To provide feedback on an accredited training course please contact us.


If you need an interpreter for the marine license or PWC endorsement course, talk to your accredited training provider.

If you’re taking the tests at VicRoads and need an interpreter in any language or help with hearing impairment, call 13 11 71.

If you have poor vision, you need to get an eyesight certificate from a qualified eye doctor, medical practitioner, occupational therapist, or eye specialist to apply for a licence.

If you have a disability or medical condition that affects your ability to operate a vessel, contact VicRoads for additional information or testing requirements. Also, inform VicRoads if you develop a new medical condition that might affect your ability to operate a vessel.

For more details about getting a marine license, call VicRoads on 13 11 71.

If you have questions about competency certificate exemptions, contact ST Vic at 1800 223 022.


All powered vessels are required to be registered, and the operator of a registered vessel is required to hold a Marine Licence.

Any boat with an engine capable of being used for propulsion in Victorian waters must be in a seaworthy condition and registered with VicRoads every 12 months. The trailer used to tow your vessel will need to be registered separately.

Rescue Boats are exempt from the registration fee, but must have registration renewed annually.

Information on vessel registration fees is available from VicRoads.

The owner of a registered recreational vessel must ensure the registration label for that vessel, issued by VicRoads on behalf of Safe Transport Victoria is fixed and remains fixed in an obvious position on the outside or upper part of the vessel.

The ID Mark must be displayed on both sides fwd of midships on the hull and must be 150mm min height, with lettering of a contrasting colour.

PWC’s can be 100mm in height, but also must be in contrasting colours to the hull.



Boat registration in Victoria does not include any insurance cover. We recommend that boat owners and operators consider taking out cover with an insurance provider.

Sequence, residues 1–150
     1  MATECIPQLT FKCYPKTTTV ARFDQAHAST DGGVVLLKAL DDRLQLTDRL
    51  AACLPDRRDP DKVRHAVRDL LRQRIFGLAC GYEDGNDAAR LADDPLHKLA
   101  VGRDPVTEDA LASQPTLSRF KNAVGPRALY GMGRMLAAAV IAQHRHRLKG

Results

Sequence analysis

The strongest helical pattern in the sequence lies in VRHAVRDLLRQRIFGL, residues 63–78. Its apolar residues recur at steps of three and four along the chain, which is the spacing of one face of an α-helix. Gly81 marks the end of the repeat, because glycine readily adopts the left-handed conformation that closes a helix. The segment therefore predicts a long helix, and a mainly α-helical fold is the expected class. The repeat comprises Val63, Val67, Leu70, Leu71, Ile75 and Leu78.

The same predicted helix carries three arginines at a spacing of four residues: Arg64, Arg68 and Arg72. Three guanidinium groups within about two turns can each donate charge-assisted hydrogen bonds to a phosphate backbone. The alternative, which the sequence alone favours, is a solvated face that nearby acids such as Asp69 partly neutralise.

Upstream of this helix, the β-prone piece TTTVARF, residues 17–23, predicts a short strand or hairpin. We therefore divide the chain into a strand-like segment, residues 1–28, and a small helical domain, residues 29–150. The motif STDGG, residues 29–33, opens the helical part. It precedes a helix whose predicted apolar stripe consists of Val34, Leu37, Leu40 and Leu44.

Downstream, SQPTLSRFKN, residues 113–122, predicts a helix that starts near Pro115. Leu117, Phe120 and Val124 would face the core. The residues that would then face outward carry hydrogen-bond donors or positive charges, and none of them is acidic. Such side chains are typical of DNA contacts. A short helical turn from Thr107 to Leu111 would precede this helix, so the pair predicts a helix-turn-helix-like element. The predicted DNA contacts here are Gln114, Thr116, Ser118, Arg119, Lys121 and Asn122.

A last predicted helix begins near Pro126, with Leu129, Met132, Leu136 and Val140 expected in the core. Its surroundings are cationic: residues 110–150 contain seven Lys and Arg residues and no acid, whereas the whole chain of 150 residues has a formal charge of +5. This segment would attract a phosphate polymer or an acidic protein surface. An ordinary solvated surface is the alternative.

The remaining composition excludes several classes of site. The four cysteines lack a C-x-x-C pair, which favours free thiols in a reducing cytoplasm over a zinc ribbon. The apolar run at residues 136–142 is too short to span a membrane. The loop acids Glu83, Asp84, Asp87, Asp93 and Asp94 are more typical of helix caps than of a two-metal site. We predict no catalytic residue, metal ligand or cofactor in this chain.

Kayaks and canoes powered by an electric motor of no more than 1 horsepower or 750 watts and which cannot operate at more than 5 knots are exempt.

The following conditions still apply to this exemption:

Speed Restriction: These vessels must not exceed a speed of 5 knots. This translates to approximately 9.26 kilometers per hour, akin to a brisk walking pace.

Mandatory Safety Equipment: The following safety equipment is mandatory when operating these vessels on specified waters:

For Inland Waters:

  • A bailer (unless the vessel has an electric or manual bilge pumping system)
  • A bilge pump for vessels with non-airtight bilge or underfloor compartments
  • An alternative means of propulsion (paddle or fitted pedal mechanism)
  • A waterproof buoyant torch
  • Either a mobile phone in a waterproof pouch or a personal locator beacon (PLB)

For Enclosed Waters and Coastal Waters within 2 Nautical Miles of Shore:

  • A bailer (unless the vessel has an electric or manual bilge pumping system)
  • A bilge pump for vessels with non-airtight bilge or underfloor compartments
  • An alternative means of propulsion (paddle or fitted pedal mechanism)
  • A waterproof buoyant torch
  • Either a mobile phone in a waterproof pouch, an emergency positioning indicating radio beacon (EPIRB), a marine radio, two hand-held orange smoke signals, or two hand-held red distress flares

For Coastal Waters More than 2 Nautical Miles from Shore:

  • A bailer (unless the vessel has an electric or manual bilge pumping system)
  • A bilge pump for vessels with non-airtight bilge or underfloor compartments
  • An alternative means of propulsion (paddle or fitted pedal mechanism)
  • Two red flares, two orange smoke signals, and one rocket parachute flare
  • A compass
  • A marine radio
  • A registered emergency positioning indicating radio beacon (EPIRB)
  • A waterproof buoyant torch

Lifejacket Regulations: All occupants must wear the appropriate lifejackets at all times when the vessel is in motion:

  • Inland Waters: Type 1, 2, or 3 lifejackets (Level 100+, Level 50, or Level 50s)
  • Enclosed and Coastal Waters: Type 1 lifejacket (Level 100+)

Waterway Regulations: Operators must comply with state and local waterway regulations, including speed and distance rules and restricted zones, as detailed in the Vessel Operating and Zoning Rules (VOZR). Waterway safety signage must also be observed.

Registration is not proof of ownership. There is no register of encumbered vehicles for vessels in Victoria.

The Australian Builders Plate (ABP) was developed through a joint initiative between government and industry.

It aims to enhance recreational boat user safety by clearly stating key vessel operational capabilities in a plate displayed in an obvious location on the vessel.

The plate must be fitted to new vessels, unless exempted, when they are first sold or offered for sale.

It values that have been determined by a competent person, calculated to appropriate standards.

The ABP will include a statement of level of basic floatation for boats up to 6m in length. Boats with level floatation will provide a much safer platform should they become swamped or capsized.

HIN’s are not a mandatory item when registering your vessel, however you are required to supply one if it has been affixed. 

There are limited boat code agents affixing HIN’s in Victoria. Contact ST Vic for more information if you believe you would like to have HIN affixed to your vessel.